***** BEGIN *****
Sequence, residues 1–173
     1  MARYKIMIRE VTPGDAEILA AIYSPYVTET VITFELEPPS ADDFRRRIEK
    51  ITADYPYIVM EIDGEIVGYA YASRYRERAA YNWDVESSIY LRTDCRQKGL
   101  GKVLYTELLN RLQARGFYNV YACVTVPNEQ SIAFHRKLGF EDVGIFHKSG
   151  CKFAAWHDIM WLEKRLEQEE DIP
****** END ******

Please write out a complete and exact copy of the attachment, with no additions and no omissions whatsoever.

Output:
Sequence, residues 1–173
     1  MARYKIMIRE VTPGDAEILA AIYSPYVTET VITFELEPPS ADDFRRRIEK
    51  ITADYPYIVM EIDGEIVGYA YASRYRERAA YNWDVESSIY LRTDCRQKGL
   101  GKVLYTELLN RLQARGFYNV YACVTVPNEQ SIAFHRKLGF EDVGIFHKSG
   151  CKFAAWHDIM WLEKRLEQEE DIP